Point blank-- I’m not proposing a witch hunt by any means. That said, one could suggest that artists, such as Thomas Kinkade, are far more damaging to specific morals and to Christianity than the late David Wojnarowicz ever was. If politicians and other political personalities-- no matter which religious, political, or social extreme they adhere to-- must complain about the influence that specific art has on society, especially when religion is the focus, perhaps they should target living artists who are able to defend their art directly-- especially if the artist has made a direct impact on a large percentage of the population while being deceptive to that specific base. With that in mind, I doubt that we will hear Glenn Beck lashing out at Thomas Kinkade anytime soon.
In my opinion, the self-proclaimed ‘Painter of Light’, Thomas Kinkade, is a walking contradiction concerning Christian morals, Christian faith, and Christianity as a whole. That said, there are few examples of Christian groups or websites calling Kinkade out-- and, as far as I know, no examples of politicians targeting him for the corrupted influence that he has. Yet practically all of the Christian churches that I’ve visited have a print of one of Kinkade’s paintings boldly displayed-- and it is not hard to find online examples of some Christians harping about the “evil” of David Wojnarowicz’s video.
(Keep in mind that Thomas Kinkade has faced several allegations of sexual harassment over the years as well as allegations of fraudulent business practices. On top of that Kinkade has been noted for having a drinking problem which recently resulted in an arrest for a DUI.)
My Point-- Thomas Kinkade is a very influential artist within our society and ever-expanding culture-- though I realize that very few professionals within the mainstream art world would ever admit that even though he was once accepted by the New York gallery scene. Thomas Kinkade, for better or worse, is a household name just as Andy Warhol and Pablo Picasso-- some have suggested that 1 in 20 Americans own an example of Kinkade’s art-- so in that sense one could suggest that he is far more influential on the general public than the late David Wojnarowicz. That said, Kinkade does not exactly practice what he preaches, so to speak. Thus, one could suggest that his impact on Christianity-- in general-- is far more damaging than a 13-minute video that happens to explore, among other things, the flaws of some Christians.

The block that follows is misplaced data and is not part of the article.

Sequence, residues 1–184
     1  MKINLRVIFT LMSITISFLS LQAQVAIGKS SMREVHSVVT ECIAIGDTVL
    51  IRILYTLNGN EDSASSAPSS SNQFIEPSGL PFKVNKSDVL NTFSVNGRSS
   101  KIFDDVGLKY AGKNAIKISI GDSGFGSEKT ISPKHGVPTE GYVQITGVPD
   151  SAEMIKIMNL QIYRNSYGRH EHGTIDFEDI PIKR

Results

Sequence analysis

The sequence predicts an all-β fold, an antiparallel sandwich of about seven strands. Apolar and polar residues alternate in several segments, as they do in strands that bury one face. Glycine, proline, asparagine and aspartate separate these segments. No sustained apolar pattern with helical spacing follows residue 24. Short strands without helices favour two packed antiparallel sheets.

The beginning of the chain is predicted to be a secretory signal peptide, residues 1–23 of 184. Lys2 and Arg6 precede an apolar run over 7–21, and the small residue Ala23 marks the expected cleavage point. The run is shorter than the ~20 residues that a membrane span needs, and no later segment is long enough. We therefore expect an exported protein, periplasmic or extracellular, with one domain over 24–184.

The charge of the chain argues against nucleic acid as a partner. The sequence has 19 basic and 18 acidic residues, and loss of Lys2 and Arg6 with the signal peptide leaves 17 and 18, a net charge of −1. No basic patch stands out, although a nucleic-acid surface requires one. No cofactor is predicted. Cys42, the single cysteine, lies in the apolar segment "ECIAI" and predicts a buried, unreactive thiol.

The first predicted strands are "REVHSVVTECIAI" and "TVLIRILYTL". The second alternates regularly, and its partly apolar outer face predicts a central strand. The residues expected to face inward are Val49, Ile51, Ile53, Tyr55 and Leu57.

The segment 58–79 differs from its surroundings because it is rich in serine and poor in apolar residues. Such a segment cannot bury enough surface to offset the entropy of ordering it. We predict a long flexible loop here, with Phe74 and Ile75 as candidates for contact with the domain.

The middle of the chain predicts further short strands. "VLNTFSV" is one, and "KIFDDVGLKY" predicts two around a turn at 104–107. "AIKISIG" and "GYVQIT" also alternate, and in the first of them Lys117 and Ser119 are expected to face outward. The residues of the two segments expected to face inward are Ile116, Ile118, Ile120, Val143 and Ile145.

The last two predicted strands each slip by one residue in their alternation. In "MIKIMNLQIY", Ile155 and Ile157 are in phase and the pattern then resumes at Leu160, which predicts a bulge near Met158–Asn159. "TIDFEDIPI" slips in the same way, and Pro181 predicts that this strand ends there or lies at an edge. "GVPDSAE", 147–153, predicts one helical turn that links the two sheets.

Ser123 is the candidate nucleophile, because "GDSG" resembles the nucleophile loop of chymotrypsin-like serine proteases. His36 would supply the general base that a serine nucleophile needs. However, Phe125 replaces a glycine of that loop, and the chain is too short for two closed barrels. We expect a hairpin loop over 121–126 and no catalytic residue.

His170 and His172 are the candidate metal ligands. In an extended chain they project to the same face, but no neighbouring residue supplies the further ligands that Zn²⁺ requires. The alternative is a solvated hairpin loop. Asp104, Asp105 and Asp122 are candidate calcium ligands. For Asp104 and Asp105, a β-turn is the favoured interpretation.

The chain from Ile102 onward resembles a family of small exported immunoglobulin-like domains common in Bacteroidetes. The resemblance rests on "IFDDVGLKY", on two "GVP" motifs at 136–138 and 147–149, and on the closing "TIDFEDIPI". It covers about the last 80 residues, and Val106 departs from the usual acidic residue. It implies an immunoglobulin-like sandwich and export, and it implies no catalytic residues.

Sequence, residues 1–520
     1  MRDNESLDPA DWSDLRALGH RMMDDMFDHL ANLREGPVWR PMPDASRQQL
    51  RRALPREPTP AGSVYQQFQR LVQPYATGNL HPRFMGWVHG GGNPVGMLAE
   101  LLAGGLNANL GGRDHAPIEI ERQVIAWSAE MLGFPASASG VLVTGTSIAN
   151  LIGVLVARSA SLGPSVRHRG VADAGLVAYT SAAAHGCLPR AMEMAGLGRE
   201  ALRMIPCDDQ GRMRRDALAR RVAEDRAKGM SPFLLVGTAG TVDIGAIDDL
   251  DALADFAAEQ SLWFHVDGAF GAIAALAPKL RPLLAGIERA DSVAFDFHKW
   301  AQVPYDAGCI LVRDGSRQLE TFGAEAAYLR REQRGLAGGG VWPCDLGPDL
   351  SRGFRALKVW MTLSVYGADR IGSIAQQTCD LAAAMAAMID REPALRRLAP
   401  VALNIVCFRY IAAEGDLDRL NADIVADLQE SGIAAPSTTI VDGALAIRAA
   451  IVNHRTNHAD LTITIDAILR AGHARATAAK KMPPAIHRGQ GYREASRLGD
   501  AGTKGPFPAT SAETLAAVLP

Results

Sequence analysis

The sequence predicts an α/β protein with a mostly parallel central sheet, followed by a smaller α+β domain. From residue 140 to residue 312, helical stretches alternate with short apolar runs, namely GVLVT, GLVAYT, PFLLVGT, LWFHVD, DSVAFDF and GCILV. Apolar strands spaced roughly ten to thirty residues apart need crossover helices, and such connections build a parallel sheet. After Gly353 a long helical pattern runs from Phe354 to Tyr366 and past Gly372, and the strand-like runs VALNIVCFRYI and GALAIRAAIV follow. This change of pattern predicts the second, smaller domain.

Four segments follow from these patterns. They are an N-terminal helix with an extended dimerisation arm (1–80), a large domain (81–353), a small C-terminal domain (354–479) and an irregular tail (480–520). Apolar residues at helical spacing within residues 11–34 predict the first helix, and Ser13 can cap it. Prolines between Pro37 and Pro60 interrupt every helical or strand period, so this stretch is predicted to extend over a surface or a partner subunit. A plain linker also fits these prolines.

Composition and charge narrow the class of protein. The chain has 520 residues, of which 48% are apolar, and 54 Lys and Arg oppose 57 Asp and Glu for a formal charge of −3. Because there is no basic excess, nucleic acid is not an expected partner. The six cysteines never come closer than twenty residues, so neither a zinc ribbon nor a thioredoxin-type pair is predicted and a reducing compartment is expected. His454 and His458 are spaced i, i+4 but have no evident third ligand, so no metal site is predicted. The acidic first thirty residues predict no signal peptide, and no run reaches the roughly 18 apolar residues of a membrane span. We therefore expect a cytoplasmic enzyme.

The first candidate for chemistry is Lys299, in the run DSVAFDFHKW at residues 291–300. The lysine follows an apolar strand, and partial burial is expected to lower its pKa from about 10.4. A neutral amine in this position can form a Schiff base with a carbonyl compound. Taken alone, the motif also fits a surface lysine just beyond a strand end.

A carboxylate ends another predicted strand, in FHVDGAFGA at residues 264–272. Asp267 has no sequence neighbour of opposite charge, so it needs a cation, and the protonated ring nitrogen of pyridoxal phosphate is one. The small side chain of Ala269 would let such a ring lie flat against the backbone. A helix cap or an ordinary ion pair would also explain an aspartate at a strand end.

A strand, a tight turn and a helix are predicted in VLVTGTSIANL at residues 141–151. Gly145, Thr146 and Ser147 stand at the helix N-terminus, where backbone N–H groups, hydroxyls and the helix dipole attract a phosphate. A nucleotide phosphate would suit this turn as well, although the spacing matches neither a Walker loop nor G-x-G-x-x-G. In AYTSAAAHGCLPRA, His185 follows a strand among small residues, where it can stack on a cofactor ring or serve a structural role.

If we must think on simple terms we should consider who is the greater threat. Who is more harmful to individual morals? An artist who criticized obvious flaws in respect to the faith and compassion that some Christians fail to convey-- or an artist who basis his artwork and market on ideology-- such as family values and the importance of marriage-- that he fails to represent in his own life while claiming the opposite? Consider that food for thought.
In closing, the politicians and political commentators who are lashing out at the late David Wojnarowicz should perhaps find another target for their motivations-- one who is imbedded within the very base they claim to represent. Better yet-- perhaps they should reexamine the difference between faith and fear-- as Wojnarowicz clearly explored in “A Fire in My Belly”. That said, extreme right-wing politicians and Thomas Kinkade-- in my opinion-- could learn something about faith from the late David Wojnarowicz.
Take care, Stay true,